This. China would either support them on the sly, which would mostly be tacitly ignored by all concerned, and it'd be another proxy war(which has happened a few times without degenerating into full scale nuclear war), or is allied, but doesn't really go to bat for them. Just..stand by and watch.

The only reason that the proxy wars of the past did not degenerate into full-scale nuclear war is that North Korea didn't have nukes and neither China nor the USSR were willing to provide them.

A proxy war is less likely now for three reasons. First, the USSR no longer exists and so China is the only possible supporter. Second, China might support NK on the sly in an actual war, but they're not going to provide actual weapons or troops because they couldn't afford to alienate their trade partners. Third and most importantly, North Korea has nukes now, and would use them.

Or, perhaps more to the point, North Korea has nukes and might use them, so we would make sure they couldn't use them.


I do agree that China would be far more likely to just stand by, particularly if N Korea had been going further than they have so far in their provocations. Seriously, as an 'ally' for China, they're not that great. A lot of hassle in exchange for the thorn in the side, to use that metaphor. China wears the pants in that relationship.

sardia wrote:I'm surprised how many of you think China is more willing to accept a disintegration of North Korea, or the unification of Korea in any way. North Korea could nuke south Korea, and they would still have n Korea's back. The reason is simple, Korea is an ally of the US, and both of them are rivals first, trade partners second.

I don't think China would maintain its alliance with NK if NK did something so brazen and destabilizing as to initiate a nuclear first strike in China's backyard. But even if they did, it wouldn't matter, because the United States has already all but promised to provide South Korea with nuclear retaliation capacity. So all China could do would be to sit by and watch North Korea evaporate into a radioactive wasteland.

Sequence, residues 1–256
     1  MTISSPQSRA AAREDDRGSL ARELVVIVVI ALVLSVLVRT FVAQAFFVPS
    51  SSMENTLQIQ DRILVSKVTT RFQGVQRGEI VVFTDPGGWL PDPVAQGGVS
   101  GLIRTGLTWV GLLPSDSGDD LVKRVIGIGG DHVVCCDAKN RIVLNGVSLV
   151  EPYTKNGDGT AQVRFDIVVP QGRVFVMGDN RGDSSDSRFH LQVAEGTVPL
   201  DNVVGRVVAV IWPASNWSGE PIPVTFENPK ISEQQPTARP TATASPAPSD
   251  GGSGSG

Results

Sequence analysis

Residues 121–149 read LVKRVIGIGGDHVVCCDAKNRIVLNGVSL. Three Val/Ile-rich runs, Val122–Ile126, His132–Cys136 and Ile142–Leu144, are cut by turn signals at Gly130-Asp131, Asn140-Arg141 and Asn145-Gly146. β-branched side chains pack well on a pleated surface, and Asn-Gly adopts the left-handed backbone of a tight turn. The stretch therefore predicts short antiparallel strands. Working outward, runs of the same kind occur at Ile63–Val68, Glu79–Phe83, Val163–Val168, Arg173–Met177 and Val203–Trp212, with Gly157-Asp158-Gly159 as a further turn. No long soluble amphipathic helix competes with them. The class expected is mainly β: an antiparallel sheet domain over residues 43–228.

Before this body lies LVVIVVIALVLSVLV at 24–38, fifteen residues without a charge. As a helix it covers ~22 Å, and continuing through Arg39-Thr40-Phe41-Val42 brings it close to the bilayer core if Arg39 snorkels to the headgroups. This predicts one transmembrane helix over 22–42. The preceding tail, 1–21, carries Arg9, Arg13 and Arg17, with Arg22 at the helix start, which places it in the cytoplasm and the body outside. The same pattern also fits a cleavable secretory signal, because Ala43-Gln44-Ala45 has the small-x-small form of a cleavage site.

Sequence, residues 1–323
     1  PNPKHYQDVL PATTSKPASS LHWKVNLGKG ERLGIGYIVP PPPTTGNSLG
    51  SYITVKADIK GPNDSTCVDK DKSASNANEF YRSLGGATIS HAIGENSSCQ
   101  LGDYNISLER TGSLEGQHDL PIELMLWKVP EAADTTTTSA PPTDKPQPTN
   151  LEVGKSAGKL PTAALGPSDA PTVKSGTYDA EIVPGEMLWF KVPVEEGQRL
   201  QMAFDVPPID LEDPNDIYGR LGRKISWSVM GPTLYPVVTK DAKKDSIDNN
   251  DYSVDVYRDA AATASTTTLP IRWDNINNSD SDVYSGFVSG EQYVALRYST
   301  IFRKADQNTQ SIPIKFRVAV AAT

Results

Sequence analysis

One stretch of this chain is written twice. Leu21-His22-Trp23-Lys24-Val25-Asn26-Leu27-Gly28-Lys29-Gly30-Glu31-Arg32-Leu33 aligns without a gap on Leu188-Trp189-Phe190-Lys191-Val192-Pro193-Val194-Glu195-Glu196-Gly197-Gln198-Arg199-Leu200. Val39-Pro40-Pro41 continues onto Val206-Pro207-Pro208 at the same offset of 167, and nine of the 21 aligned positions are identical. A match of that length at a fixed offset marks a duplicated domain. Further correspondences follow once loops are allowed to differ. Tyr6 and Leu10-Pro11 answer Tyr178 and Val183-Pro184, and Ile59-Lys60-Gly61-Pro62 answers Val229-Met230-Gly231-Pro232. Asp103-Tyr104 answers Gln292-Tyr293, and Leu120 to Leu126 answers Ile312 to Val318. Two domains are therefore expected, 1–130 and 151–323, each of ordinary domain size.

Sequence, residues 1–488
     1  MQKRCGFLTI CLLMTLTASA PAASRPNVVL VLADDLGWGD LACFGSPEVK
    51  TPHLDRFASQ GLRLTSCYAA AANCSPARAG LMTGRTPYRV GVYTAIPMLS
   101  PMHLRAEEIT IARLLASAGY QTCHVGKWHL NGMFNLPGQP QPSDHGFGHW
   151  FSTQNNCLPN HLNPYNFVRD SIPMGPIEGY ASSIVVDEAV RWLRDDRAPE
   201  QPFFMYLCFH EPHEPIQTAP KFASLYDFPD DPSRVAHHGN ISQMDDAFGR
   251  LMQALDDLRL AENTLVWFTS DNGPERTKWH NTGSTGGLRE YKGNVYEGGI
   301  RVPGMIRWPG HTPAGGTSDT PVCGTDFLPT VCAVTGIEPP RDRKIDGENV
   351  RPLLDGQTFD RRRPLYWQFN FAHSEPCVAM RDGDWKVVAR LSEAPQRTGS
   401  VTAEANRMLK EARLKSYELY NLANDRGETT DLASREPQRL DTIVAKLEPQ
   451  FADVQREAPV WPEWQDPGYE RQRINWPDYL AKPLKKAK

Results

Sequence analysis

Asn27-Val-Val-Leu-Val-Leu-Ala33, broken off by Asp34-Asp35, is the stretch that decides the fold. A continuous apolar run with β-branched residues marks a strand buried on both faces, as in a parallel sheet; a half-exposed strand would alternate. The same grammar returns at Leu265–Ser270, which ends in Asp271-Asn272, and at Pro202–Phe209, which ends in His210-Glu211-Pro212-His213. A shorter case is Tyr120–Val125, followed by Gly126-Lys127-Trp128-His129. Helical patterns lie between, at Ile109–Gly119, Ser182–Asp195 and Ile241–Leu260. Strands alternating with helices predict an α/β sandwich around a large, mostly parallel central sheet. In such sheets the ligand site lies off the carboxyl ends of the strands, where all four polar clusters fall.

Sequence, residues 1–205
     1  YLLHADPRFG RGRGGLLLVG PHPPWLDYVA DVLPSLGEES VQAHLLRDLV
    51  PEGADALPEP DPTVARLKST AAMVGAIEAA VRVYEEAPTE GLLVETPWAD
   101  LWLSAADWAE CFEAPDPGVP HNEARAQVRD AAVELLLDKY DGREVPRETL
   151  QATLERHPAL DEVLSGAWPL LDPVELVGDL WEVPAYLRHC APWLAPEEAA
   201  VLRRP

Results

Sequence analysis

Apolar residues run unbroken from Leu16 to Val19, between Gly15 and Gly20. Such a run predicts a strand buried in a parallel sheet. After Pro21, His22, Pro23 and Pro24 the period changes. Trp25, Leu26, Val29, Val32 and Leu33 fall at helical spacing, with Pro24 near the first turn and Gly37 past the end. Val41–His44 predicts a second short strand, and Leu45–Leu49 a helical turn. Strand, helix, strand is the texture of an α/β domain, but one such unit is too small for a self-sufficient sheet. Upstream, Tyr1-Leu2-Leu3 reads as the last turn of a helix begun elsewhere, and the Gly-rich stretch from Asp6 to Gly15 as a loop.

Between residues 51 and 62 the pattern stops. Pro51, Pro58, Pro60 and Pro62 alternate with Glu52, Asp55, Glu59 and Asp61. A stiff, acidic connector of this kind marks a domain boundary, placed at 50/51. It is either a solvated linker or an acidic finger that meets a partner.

Yeah, China's cautious there. They DO have a no first nuclear strike policy, and they're not dumb enough to get into a nuclear shooting match with the US. If one breaks out, they're gonna write North Korea off as a loss and call it a day. Concerns will revolve around things like "where will the fallout land" and stuff like that.

Of course, I think North Korean leadership knows this, and thus will inevitibly stop short. Lotta blustering, lotta incidents, but actually launching an invasion or a nuke would be the end for them. They need external enemies to blame for the hardship, but they don't need to ACTUALLY fight them. Just...to continue the cycle.

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sevenperforce
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Re: North Korea conducts 4th Nuclear Test

Postby sevenperforce » Tue Jan 12, 2016 5:22 pm UTC

Tyndmyr wrote:China's cautious there. They DO have a no first nuclear strike policy, and they're not dumb enough to get into a nuclear shooting match with the US. If one breaks out, they're gonna write North Korea off as a loss and call it a day. Concerns will revolve around things like "where will the fallout land" and stuff like that.

Of course, I think North Korean leadership knows this, and thus will inevitibly stop short. Lotta blustering, lotta incidents, but actually launching an invasion or a nuke would be the end for them. They need external enemies to blame for the hardship, but they don't need to ACTUALLY fight them. Just...to continue the cycle.

If we assume rational choice theory applies to Kim Jung Un. Which is probably the only reasonable assumption we can make.

There is a small but active possibility that Kim believes he actually possesses a hydrogen bomb and that we are actually terrified of it. Neither of these things are true; his "hydrogen bomb" had only two thirds the yield of the pure-uranium Little Boy and half the yield of Trinity and Fat Man, and he has virtually no way of getting it anywhere near US soil. But if he believes his nukes serve as a deterrent to US involvement on the Korean peninsula, he may be emboldened to do more than what we will tolerate...like shelling Seoul or mounting an invasion.

And even if Kim knows his nukes aren't a viable deterrent, he may still be forced to escalate the situation bit by bit. South Korea's propaganda broadcasts are claimed to be acts of war and violations of the truce, so if Seoul continues them (or similar actions), Kim may have to do more and more aggressive things to keep up appearances...which will only result in further responses by Seoul. Such a sequence of events could very well push Kim over the edge into something dangerous enough to provoke direct US military strikes.